Waru Express: New Jedi Order Part 4

At long last, we’ve reached the end of our journey through the New Jedi Order and the Vong War.  I’ve been doing a lot of thinking as I reread these 19 books and at the end of the day, I really do enjoy this series.  Sure, it’s really long and sure, there are definitely some low points but there are also a lot of high points and overall?  I just really like the story that it tells.  A lot of people have used the Battlestar Galactica comparison in regards to this series and it’s often used in a negative way.  I agree with that comparison but for me, it’s a positive.  I like a story that’s willing to take characters to dark places and put them through hell.  I like getting to sit back and watch and see who emerges stronger than before and who never does.  I like a story that has lasting consequences for the universe but we’ll get to more of that later.  So while it has its flaws, I think the story works and I like the series a fair bit.

On a note not related to the New Jedi Order specifically, I just wanted to mention that despite all of my snark and bemoaning about my loss of sanity, I really do love the Expanded Universe.  Some bits of it might drive me up the wall or make me want to bash my head against a table but as a whole, I adore it.  There are probably only a handful of things about it that I truly dislike and I wouldn’t be working my way through this challenge if I didn’t love it.

With that lengthy introduction out of the way, let’s cover the last five books of the series!

Force Heretic I: Remnant
I have a few problems with these books in general and I’m going to start with some of them here.  The biggest one is that this did not need to be a trilogy and that I would’ve enjoyed the books much more had their plots been condensed into two books instead.  The other problem I have is that this feels like a travel through the Bantam Era’s “greatest” hits.  Sean Williams and Shane Dix take us back to the Yevetha and the Fia in this book and then Bakura in the next.  By the end of this book, I’m really not sure what exactly Han and Leia’s mission is supposed to be.  I was also rolling my eyes at this secret Ryn spy network.  (Editor’s Note: I’m still amused that the Ryn are now canon again.)

Also, I thought Jag’s second in command was Shawnkyr?  I’m confused as to why Williams and Dix introduce another character named Eprill to fill the same role.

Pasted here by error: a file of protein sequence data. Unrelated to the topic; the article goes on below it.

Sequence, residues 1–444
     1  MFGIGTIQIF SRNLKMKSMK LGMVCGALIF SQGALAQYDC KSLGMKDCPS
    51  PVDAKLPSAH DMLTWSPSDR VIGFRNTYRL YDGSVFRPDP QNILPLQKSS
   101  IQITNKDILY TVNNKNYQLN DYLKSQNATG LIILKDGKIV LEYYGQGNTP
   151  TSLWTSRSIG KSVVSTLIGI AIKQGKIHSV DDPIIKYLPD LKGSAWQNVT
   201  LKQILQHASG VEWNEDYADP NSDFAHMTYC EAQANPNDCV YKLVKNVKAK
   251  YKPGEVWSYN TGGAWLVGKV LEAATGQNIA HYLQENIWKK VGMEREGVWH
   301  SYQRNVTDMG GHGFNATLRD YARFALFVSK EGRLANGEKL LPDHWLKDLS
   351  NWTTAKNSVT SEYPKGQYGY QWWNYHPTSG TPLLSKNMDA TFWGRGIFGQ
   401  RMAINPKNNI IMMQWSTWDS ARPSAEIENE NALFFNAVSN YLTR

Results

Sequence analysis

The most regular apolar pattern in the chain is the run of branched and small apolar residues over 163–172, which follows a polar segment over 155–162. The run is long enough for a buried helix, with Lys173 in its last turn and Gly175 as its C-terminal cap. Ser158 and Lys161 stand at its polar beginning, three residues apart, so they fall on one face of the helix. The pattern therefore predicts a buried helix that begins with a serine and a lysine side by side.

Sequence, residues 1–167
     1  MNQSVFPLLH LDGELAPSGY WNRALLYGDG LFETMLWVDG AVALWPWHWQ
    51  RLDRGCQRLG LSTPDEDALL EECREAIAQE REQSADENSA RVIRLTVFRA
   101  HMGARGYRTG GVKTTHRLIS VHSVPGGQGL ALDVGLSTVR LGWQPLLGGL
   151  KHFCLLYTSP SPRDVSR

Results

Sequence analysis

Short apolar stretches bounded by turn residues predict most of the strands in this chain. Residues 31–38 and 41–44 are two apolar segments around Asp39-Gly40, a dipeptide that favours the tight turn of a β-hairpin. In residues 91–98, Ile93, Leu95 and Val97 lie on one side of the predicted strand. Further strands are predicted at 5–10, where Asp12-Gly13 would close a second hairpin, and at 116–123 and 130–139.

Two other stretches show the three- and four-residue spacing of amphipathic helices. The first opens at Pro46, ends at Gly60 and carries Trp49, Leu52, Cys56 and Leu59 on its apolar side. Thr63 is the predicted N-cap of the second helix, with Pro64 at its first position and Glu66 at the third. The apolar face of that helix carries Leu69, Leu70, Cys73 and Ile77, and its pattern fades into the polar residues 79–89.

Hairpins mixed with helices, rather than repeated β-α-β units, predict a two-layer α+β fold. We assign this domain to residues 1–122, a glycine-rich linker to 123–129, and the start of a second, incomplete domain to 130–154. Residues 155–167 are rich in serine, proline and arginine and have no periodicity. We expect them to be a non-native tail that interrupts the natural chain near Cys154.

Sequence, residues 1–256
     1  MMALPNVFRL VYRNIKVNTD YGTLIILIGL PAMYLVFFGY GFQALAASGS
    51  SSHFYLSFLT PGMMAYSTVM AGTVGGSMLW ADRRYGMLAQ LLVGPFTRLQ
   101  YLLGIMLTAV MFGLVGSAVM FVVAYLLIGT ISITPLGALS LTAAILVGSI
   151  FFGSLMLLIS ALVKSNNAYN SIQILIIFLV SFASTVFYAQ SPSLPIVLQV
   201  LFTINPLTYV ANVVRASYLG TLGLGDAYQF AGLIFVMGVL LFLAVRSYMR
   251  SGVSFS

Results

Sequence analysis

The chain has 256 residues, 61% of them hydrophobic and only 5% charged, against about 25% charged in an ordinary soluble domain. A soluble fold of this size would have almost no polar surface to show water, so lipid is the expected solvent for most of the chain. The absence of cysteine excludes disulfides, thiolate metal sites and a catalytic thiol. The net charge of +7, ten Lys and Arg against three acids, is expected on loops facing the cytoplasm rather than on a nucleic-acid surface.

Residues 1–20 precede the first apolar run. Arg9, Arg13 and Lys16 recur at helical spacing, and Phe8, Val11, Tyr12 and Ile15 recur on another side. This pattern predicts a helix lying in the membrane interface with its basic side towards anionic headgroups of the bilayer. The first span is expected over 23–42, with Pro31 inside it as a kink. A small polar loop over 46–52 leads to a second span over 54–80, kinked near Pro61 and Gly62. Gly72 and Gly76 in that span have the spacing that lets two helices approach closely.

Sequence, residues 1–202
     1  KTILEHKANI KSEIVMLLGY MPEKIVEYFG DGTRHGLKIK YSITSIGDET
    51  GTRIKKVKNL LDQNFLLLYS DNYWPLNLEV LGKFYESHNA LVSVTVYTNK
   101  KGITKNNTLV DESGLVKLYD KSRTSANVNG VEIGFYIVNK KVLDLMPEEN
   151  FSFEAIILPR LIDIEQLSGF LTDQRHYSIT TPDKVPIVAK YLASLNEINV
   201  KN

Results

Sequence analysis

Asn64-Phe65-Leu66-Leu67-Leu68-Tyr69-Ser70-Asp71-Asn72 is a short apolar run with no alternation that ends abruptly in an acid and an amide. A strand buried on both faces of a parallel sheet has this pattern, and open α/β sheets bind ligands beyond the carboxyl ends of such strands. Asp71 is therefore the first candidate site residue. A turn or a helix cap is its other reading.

On the other hand, any time we get to see Gilad Pellaeon being awesome is a good one.  The speeches where he yells “EMPTY” at the Vong commander and then says how the Empire will always strike back and also the one where he essentially bullies the entire Moff Council into doing what he wants are great Pellaeon moments.  It reminds me why I love his character so much.  It does feel off though when numerous characters refer to him by his first name especially when they’re subordinate officers but Pellaeon is awesome enough to make up for it.

The book itself is an okay read.  It’s just not one of the high points of the series.

Force Heretic II: Refugee
Even though the previous book basically announced that this was going to happen, I recall making high-pitched noises when I first read this book and saw the name ‘Soontir Fel’ on the list of main characters.  That man will always be a badass.  Also, his daughter Wyn is adorable and she should be in more books.  She and her cousin Myri would be good friends if only… you know the drill by now: SYAL AND WEDGE COULD BE REUNITED IN CANON.  (Editor’s Note: STILL BITTER.)

Again, the books could’ve used some serious editing.  The ‘travel to a new planet for each book’ thing got old very quickly.  I don’t mind going back to Bakura and I like Malinza Thanas well enough but the book just doesn’t make me want to read about it for 400 pages.  It’s nice to see Jaina actually get to do something this book though.  I do also rather like Captain Yage of the Widowmaker.

This is probably a good time for my rant about Tahiri.  I like the plot line of her having this personality conflict with Riina and the two of them needing to find peace with each other BUT I don’t like where it was placed in the series.  This should’ve taken place ages ago.  Remember the Allston books?  Tahiri was a perfectly capable and functional person.  I don’t get why this didn’t happen months if not years ago in the chronology.  It just doesn’t feel like this is when it was supposed to happen.  (But then again, apparently some other authors never got the memo that Tahiri’s entire life and characterization isn’t defined by the events of the first three NJO books she appeared in…)

Force Heretic III: Reunion
Hey Skywalkers and company?  If you continue to explore the Unknown Regions, we’re going to have to call them something else.

Until now, I’ve neglected to discuss one of my favorite parts of these books: Nom Anor.  He’s by far one of the best Yuuzhan Vong characters and no one plots and schemes like him.  I love how he decides that he’s going to get his revenge and his power back so he ends up starting a heresy and rebellion amongst the Shamed Ones.  He’s now the Prophet and has thousands of Vong who believe in him and in the Jedi.  Only Nom Anor could end up doing something like this and it’s why you just have to love (or love to hate) him.

Despite my rant above, I do actually really appreciate how well written Tahiri/Riina’s story is in this book.  It’s solidly written and I love reading it every time.  It’s a nice resolution to that story arc that Greg Keyes began several books ago.